This is not ‘Michael Bay Finally Made An Art Movie, Part Two.’ But once again, the technical virtuosity of Michael Bay’s Transformers: Dark of the Moon leaves us with something to talk about. Setting aside the broader history of architecture and animation, Dark of the Moon embodies an emerging position in digital architecture: it is a manifesto against smoothness.
Transformers are the pure id of industrial design. Every time their over-articulated bodies explode out of their sleek camouflage, they reveal the growing complexity lying behind the refined surfaces that the Jonathan Ives and Chris Bangles of the world produce. And as they tear through Chicago—home of late Mies van der Rohe and Skidmore, Owings, and Merrill—these descendants of Archigram and other sixties techno-utopians expose the miles of ducts, cables, and fire-proofed steel that are buried behind the shadow-boxed glass spandrels, white ceiling panels, and marble clad columns of pristine corporate headquarters (after all, the ceilings of skyscrapers are as thick as the walls of cathedrals). In the case of both the Transformers themselves, and the terrestrial havoc they wreak, these eruptions of the interior fragment the smooth, industrially-produced exterior surface to such a degree that any qualities of simplicity or material transcendence are eradicated—the objects of our minimalist desires replaced by dense, aggregated, and differentiated new forms.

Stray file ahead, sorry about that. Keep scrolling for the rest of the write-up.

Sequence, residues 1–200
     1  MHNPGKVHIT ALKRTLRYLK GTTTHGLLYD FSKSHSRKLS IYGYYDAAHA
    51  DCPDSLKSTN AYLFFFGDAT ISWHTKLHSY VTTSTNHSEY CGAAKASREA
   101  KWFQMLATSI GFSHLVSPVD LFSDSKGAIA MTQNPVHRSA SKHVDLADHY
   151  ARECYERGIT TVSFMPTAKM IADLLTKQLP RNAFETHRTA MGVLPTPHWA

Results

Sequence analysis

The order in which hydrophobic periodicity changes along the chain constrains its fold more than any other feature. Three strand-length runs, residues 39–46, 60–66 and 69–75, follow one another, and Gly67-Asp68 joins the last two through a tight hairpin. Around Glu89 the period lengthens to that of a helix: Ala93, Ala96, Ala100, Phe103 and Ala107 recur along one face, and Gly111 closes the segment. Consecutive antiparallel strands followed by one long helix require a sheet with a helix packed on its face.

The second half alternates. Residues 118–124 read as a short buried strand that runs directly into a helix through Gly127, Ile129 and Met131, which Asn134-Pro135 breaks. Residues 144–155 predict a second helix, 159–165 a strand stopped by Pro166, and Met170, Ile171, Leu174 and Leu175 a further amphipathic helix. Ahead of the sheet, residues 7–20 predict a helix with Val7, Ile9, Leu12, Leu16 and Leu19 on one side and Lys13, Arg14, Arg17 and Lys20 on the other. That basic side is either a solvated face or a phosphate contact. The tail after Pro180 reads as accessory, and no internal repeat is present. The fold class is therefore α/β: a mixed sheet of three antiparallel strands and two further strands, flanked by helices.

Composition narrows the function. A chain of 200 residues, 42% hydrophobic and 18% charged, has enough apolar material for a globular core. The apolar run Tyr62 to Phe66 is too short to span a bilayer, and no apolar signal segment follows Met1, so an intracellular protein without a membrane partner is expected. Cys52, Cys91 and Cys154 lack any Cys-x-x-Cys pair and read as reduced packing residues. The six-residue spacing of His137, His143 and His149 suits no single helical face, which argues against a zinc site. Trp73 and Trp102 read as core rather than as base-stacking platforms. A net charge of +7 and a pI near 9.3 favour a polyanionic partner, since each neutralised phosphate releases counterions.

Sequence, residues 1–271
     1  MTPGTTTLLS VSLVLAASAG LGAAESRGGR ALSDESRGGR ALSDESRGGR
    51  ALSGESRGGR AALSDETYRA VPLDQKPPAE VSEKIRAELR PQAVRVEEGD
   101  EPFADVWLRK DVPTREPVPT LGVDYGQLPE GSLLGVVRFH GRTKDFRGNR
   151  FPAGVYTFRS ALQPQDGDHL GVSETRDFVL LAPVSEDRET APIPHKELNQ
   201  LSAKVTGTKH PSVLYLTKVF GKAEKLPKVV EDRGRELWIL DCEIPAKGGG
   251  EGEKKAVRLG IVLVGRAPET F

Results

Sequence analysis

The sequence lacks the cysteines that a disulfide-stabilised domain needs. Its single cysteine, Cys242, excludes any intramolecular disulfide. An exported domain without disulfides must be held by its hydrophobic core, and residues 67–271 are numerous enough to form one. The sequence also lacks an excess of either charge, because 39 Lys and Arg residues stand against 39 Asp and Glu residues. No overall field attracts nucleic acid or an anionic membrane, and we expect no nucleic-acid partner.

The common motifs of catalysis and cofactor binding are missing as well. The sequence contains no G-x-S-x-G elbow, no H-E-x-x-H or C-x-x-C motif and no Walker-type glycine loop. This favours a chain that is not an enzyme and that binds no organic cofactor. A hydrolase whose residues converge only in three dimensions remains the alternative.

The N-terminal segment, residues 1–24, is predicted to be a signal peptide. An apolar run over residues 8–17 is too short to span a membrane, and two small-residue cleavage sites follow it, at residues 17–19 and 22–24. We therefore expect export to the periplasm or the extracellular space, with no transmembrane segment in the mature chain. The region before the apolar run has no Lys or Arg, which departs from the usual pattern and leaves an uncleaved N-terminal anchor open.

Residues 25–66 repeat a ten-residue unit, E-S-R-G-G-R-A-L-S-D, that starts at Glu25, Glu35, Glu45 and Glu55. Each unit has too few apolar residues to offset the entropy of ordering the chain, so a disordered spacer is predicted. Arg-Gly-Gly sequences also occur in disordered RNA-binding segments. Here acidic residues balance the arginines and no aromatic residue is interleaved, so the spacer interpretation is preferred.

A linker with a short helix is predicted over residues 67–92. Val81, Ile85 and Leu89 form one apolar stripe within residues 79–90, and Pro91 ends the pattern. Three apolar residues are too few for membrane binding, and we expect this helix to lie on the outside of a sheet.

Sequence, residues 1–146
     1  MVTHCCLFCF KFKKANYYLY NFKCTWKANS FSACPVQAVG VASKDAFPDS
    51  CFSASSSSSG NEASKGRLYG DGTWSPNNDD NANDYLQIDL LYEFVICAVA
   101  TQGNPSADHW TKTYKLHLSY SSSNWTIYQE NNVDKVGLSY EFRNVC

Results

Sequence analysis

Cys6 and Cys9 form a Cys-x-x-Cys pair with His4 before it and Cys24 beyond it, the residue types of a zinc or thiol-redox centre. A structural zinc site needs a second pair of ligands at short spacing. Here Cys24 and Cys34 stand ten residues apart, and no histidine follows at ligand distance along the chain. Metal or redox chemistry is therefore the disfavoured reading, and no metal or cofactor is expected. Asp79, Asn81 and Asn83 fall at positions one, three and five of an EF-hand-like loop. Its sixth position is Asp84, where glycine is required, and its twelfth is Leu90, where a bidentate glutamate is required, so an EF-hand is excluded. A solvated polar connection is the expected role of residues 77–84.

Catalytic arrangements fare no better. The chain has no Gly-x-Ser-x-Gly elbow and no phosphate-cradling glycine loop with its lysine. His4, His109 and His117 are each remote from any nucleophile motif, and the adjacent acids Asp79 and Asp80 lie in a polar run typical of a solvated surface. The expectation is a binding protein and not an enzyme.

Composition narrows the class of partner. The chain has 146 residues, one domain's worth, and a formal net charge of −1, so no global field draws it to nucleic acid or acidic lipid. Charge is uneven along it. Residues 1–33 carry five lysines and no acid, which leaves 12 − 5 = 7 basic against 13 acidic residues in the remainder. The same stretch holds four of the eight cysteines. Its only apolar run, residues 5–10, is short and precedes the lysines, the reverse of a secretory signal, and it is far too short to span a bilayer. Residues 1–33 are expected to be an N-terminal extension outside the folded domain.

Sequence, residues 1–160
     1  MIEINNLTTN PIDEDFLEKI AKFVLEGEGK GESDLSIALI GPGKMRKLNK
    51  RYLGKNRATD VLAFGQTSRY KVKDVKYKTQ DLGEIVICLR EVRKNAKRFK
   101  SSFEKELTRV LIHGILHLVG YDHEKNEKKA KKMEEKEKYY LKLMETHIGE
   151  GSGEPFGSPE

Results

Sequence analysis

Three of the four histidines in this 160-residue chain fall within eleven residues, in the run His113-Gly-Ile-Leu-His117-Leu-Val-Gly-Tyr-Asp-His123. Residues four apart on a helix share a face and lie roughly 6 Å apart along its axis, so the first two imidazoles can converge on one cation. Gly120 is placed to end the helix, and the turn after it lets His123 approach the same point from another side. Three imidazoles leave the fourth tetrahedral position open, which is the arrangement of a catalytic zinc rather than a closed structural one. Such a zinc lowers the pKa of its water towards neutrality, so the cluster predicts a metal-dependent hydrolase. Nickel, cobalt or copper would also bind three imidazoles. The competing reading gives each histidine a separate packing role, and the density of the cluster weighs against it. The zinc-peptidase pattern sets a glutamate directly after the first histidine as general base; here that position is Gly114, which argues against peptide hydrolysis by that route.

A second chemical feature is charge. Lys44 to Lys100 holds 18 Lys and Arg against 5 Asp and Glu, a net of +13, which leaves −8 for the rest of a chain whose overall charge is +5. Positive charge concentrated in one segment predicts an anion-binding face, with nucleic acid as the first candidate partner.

Dark of the Moon reaches its pinnacle of productive destruction when Driller—a tentacled Decepticon that burrows and chews through anything that stands in its path—attacks a green glass office tower containing Shia Lebouf and his team of models/commandos (each frame of the sequence took 288 hours and a farm of computers to render). In the kind of ripe-for-interpretation scene of architectural annihilation that Michael Bay relishes (from the meteor impacts of Armageddon to a Humvee plowing through a Cuban village in Bad Boys II), this creature, itself made of a seemingly infinite number of pieces, reduces the smooth extrusion of the tower to a maelstrom of glass and steel. Chewed through, and then falling over, the building becomes something like a sharp-edged cousin to Greg Lynn’s pre-digital project for the Sears Tower, which proposed taking that bundle of nine square extrusions, multiplying them, and laying them down in sinuous piles along the Chicago River. This ‘digitized’ assault on Chicago—the city that epitomizes the reductive impulses of mid-century modernism—suggests that if the Decepticons and Autobots were put on earth to do anything, it is to ensure that no smooth surface goes unblemished and no clean line remains unbroken.
Like the Transformers emerging from their late model, aerodynamic disguises, Dark of the Moon enacts the redirection of digital efforts in architecture from the pursuit of smoothness and surface continuity to the production of articulation and texture. What this film seems to say, as LeBouef and the gang slide across the glass facade of the overturning office building, inside becoming outside, is that perhaps the smooth planes of a mass-produced modernism offer nothing left to hold on to.